Pedometer: Day 1

Did that title strike terror into your heart as you suddenly realized that my blogging life from now on will be nothing but step counts and reflections on step counts? Sorry for the alarm; this will likely be a one-time reflection unless I find some interesting research to validate it, in which case it’ll probably just be a two-time reflection.

In our neverending attempt to trick ourselves to exercise, we bought pedometers yesterday! I’ve read several times that you should try to take at least 10,000 steps every day, and since steps are probably the least intimidating form of exercise, we finally decided that this was a reasonable goal, AND it feels like you’re playing a video game. A very boring video game. Where you get points for not sitting down.

Final score: 11735
Time: 15 hours
— 30 minute morning walk
— regular work comings and goings
— extra trip to the parking garage for lunch
— trip to grocery store
— two.5 hours of cooking dinner and other food items

So, now I’ve answered some questions that I forgot to ask myself before the day started.
Question: Is your normal life active enough to automatically yield 10,000 steps a day?
Answer: No. That 30 minute morning walk earned 4,000 steps, and I haven’t spent more than 5 minutes cooking within the past month. Without those two uncharacteristic activities, I would only have made 4,000 steps. As further proof, my legs really hurt right now, so I’m clearly not used to 11,000 step days.

Question: Do you think you will walk more with a pedometer?
Answer: Yes. I bet I will walk 8,000 steps more. After all, I can’t win the game without walking.

Question: How do you win the game?
Answer: Like all real-life games, this one is most akin to Tetris or Donkey Kong. You never really win; you just get the current high score. 11735 is the current high score. Now I just need to make a high score board, perhaps like the following:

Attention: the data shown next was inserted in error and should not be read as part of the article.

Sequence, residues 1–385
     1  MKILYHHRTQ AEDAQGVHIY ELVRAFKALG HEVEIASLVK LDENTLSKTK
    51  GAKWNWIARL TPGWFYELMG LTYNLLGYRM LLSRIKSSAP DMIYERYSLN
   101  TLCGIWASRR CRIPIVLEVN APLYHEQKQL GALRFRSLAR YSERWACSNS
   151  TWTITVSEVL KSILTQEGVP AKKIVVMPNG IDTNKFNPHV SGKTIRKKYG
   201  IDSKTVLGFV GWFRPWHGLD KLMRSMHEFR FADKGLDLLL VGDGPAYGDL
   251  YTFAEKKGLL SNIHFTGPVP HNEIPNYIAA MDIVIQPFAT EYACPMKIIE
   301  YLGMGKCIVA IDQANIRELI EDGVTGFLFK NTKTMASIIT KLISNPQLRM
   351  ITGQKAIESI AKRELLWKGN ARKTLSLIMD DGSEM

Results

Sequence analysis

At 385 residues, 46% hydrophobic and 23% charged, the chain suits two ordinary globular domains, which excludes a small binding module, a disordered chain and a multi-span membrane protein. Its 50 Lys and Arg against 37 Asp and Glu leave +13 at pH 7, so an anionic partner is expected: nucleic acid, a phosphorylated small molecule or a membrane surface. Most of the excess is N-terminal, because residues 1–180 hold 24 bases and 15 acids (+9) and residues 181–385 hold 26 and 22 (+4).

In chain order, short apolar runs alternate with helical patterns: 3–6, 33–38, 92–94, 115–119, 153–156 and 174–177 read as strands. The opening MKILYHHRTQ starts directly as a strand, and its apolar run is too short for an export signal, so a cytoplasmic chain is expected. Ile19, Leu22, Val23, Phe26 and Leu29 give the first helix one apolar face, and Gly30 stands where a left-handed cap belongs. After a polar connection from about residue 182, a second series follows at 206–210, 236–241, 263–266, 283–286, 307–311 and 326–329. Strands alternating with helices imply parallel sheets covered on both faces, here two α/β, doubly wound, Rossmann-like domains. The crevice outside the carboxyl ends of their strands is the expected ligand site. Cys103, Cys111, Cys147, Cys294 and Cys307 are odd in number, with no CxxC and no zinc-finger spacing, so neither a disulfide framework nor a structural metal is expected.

High Scores

SEM      11735

In conclusion, counting steps is fun because it gives you a quantifiable score that, like stickers, motivates some people. Unfortunately, like eating vegetables, it turns out that you have to be kind of intentional about moving so much; it doesn’t happen automatically. That being said, unless you would rather take a 2.5 hour walk around the neighborhood every day, you most likely can use your steps to do something, which improves productivity. Which will make you happy…after you take some Tylenol for your legs.

About Sarah

10 years ago, I was a computer science student. 5 years ago, I taught kindergarten. 2 years ago, I trained teachers. Now, I'm a technical writer. I have thoughts about most of these things, but most likely I'll just write about neuroses and why I love Mr. Gatti's pizza. Which might be a neurosis.
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4 Responses to Pedometer: Day 1

  1. Ryan says:

    I liked the scoreboard! You’re totally winning.

    But on the other hand, how do you spend 2.5 hours cooking? Did you make a turkey? Can I have some?

    • Sarah says:

      No, I didn’t even make a turkey! I made soup that took an hour and a half, and then we ate it, and then I cleaned a bunch of dishes and made my lunch for the next couple of days. I, too, was shocked when I saw that it was 9.

      I might move the scoreboard to its own page (akin to the FAQ). That way, I can keep it up-to-date! Maybe with different colors! I didn’t beat my score today, though I guess there are still some minutes left before bedtime…

  2. Laura M. says:

    For some reason it had never occurred to me until now that having a new last name means that you also have new initials! And you have the same initials as a scanning electron microscope, so that is awesome!!

    Also, while I was in Florida (without dental floss), I thought of a good reason for not flossing in the morning: If you floss at night, you’ll get rid of any food that might be stuck between your teeth. Then you go to sleep, so nothing else could get stuck between your teeth, so flossing in the morning wouldn’t do any good. However, there’s a woman at work who always flosses after lunch, and I can’t argue against that case. ;) Except that it’s weird to floss at work.

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